GFM Network News


Four steps for better seeding this spring

It’s an age-old conundrum: You need to expand so you acquire more acres of land to get more return, but then the rush to get a crop in means seeding some acres too early, too late, or too fast. “There’s a lot of potential for making a mistake when it comes to seeding,” said Harry[...]
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“We have identified several soybean varieties with a potential of producing more than 50 bu./ac. marketable seed yields.” – Manjula Bandara, CDCS.

Growing soybeans in southern Alberta

Farmers would like the rotation option, but heat units are marginal and soybeans must compete with high-value irrigation crops

Reading Time: 7 minutes For some Prairie farmers, the question of whether to introduce soybeans into the rotation may seem like a no-brainer. They’re good nitrogen fixers and have proven a hit on rain-fed land in Manitoba and Saskatchewan, where soybean acreage has increased dramatically over the past decade. But if you’re a producer in Alberta, the answer is[...]
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Laus Stiekema (middle), his son Lauran (left) and son-in-law Jaco are process-potato growers from Vauxhall, Alta., in the heart of southern Alberta’s irrigation country. Laus says they had an “average” crop this past year, missing much of the precipitation that hammered the province throughout the spring and summer.

Alberta potatoes mostly escape the deluge of 2016

A bit of luck, combined with tile drainage, helped Alberta potato growers survive the province’s wet 2016 season

Reading Time: 5 minutes For Alberta potato growers, the 2015 and 2016 growing seasons could not have been more different — hot and dry followed by cold and wet. Despite that, 2016 yields were more or less consistent with the past several years. “Our acres are flat — they have been for the past couple of years,” says Terence[...]
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Harpinder Randhawa, spring wheat and triticale breeder with Agriculture and Agri-Food Canada (AAFC) in Lethbridge, stands in a field of soft white spring wheat. He is working on soft white spring varieties with improved resistance to disease and pre-harvest sprouting.

Soft white spring wheat spreads east

Ethanol drives new demand while research adapts SWSW to new regions

Reading Time: 5 minutes Until relatively recently, there were few producers outside the irrigation belt of southern Alberta who had ever heard of, much less planted, soft white spring wheat (SWSW). However, backed by 50 years of research, the wheat class is suddenly showing a new potential to be grown on more acres and in more areas, and for[...]
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Studies in three Prairie provinces used covers to block rainfall and simulate various levels of drought.

Stocking rates key to climate change adjustment

Low defoliation rates and leaving lots of litter are best for coping with weather variations from year to year

Reading Time: 4 minutes Fast and hard? Slow and easy? And how many animals per acre? Stocking and defoliation rates are a complex and even controversial issue, and depend a lot on the weather. Climate change could make them even more complex. To get a better idea on how producers should respond, Edward Bork and a team from the[...]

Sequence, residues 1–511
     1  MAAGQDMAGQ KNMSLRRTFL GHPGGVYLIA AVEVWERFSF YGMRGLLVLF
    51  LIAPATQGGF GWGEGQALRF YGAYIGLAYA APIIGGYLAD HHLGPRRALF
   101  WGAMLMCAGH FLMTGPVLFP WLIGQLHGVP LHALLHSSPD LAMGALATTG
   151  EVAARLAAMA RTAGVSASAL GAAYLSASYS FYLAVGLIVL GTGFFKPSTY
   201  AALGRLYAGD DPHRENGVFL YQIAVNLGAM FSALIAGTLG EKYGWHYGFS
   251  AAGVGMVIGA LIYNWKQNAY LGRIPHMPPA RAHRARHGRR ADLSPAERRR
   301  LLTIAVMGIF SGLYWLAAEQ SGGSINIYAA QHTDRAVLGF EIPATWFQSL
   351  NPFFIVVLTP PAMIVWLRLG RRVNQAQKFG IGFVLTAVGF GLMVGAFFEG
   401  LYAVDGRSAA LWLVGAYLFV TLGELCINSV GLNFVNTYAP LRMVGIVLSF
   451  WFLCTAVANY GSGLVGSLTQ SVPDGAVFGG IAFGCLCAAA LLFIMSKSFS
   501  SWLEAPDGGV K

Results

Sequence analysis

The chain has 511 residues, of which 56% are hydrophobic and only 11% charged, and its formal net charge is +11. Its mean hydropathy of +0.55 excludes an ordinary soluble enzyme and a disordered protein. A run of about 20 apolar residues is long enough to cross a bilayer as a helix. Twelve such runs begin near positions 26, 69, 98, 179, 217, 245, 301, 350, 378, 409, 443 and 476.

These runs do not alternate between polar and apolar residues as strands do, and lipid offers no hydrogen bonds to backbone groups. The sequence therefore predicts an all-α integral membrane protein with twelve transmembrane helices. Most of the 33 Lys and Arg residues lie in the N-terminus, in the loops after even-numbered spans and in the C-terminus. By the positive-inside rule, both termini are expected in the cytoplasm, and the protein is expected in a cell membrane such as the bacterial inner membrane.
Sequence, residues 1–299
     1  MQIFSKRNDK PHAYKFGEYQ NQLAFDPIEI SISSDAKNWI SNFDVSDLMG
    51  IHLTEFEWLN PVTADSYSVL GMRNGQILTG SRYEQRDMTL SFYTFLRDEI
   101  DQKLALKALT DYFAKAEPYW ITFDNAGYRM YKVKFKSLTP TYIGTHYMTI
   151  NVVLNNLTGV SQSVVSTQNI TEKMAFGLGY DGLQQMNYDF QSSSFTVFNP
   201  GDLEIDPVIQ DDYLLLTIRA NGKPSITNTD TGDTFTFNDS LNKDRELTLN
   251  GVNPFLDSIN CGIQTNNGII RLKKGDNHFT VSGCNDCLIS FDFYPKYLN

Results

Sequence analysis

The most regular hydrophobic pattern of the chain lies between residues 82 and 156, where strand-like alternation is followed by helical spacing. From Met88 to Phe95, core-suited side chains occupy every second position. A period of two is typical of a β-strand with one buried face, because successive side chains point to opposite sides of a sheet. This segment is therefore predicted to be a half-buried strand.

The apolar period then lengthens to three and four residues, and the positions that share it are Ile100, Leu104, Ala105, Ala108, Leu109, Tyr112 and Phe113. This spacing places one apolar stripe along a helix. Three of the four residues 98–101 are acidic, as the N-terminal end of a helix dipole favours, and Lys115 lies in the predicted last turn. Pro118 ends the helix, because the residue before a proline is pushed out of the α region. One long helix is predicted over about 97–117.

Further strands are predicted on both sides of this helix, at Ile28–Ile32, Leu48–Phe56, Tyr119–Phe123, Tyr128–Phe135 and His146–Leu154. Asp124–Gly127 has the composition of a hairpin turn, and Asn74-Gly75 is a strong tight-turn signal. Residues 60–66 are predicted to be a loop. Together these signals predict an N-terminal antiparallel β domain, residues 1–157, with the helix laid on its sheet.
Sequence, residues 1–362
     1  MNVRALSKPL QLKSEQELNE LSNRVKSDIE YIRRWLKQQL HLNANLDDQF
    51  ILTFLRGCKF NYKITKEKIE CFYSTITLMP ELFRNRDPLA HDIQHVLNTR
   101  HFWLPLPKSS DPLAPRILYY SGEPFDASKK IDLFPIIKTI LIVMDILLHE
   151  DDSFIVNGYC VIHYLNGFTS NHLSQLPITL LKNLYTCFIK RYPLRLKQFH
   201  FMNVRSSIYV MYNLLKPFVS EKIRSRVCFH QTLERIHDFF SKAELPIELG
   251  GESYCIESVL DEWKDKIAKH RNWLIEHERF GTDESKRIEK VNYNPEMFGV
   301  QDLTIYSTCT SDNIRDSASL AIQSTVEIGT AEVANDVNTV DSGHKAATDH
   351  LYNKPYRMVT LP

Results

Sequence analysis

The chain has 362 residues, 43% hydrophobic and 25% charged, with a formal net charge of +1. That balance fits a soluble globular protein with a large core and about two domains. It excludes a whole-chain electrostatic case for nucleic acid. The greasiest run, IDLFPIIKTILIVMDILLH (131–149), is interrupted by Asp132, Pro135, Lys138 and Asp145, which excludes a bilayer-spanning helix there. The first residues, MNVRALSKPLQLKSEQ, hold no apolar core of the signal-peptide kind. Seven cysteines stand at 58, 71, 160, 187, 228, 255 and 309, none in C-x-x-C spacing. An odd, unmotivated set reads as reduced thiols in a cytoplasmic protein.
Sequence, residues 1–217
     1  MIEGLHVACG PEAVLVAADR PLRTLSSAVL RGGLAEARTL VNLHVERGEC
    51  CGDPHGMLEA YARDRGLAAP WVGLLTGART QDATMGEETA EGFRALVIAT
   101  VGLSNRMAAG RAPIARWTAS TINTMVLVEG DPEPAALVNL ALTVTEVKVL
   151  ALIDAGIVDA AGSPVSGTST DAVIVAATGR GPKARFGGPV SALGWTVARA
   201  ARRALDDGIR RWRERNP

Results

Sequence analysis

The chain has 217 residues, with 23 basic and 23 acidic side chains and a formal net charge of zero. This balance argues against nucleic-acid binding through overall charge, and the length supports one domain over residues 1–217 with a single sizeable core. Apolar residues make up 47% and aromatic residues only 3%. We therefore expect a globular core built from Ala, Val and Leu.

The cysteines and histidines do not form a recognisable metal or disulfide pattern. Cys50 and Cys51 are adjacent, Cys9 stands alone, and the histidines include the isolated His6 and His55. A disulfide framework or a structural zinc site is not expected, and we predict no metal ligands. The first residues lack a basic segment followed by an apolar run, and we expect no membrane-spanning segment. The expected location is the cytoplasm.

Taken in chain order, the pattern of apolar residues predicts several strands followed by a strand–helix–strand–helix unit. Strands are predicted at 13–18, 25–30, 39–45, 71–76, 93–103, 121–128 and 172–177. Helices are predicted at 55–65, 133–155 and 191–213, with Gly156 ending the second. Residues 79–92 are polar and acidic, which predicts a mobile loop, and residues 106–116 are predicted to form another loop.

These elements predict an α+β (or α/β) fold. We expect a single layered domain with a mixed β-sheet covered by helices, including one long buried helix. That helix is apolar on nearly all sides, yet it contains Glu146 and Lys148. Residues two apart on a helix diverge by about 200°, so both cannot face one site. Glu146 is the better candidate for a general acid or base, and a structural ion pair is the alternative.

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In many grasslands, including those of Western Canada, moderate grazing actually boosts overall plant diversity.

Making hay of environmental goods and services

Researchers wrestle with turning an abstract concept into concrete profits for producers

Reading Time: 5 minutes If you were to ask most cattle producers about the goods and services their grasslands provide, it might seem like an obvious question. Most would say that quality forage promotes the health of their cattle, provides high-quality protein and boosts their bottom line. Others might talk about how their grazing practices promote biodiversity and overall[...]
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Tile drainage, long common in Ontario and the U.S. Midwest, is now attracting more attention in Alberta.

The pros and cons of tile drainage

Being able to remove excess moisture is a big plus, but there are a lot of factors to take into account

Reading Time: 3 minutes It wasn’t long ago that if you asked most Alberta producers if they used tile drainage, they likely wouldn’t know what you were talking about. A common practice in Ontario and the U.S. Midwest, it’s only in recent years that Alberta growers have warmed to this system in which subsurface tubes remove excess moisture from[...]
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The New Oil

Reading Time: 6 minutes Farmers in southern Alberta have always talked about water as the fuel that powers the quality, quantity and diversity of their crops. Now, however, competition is heating up for water. Towns, businesses and industries all want more, and in many cases they’re ready to pay for it. Water isn’t just a crop input anymore. It’s[...]
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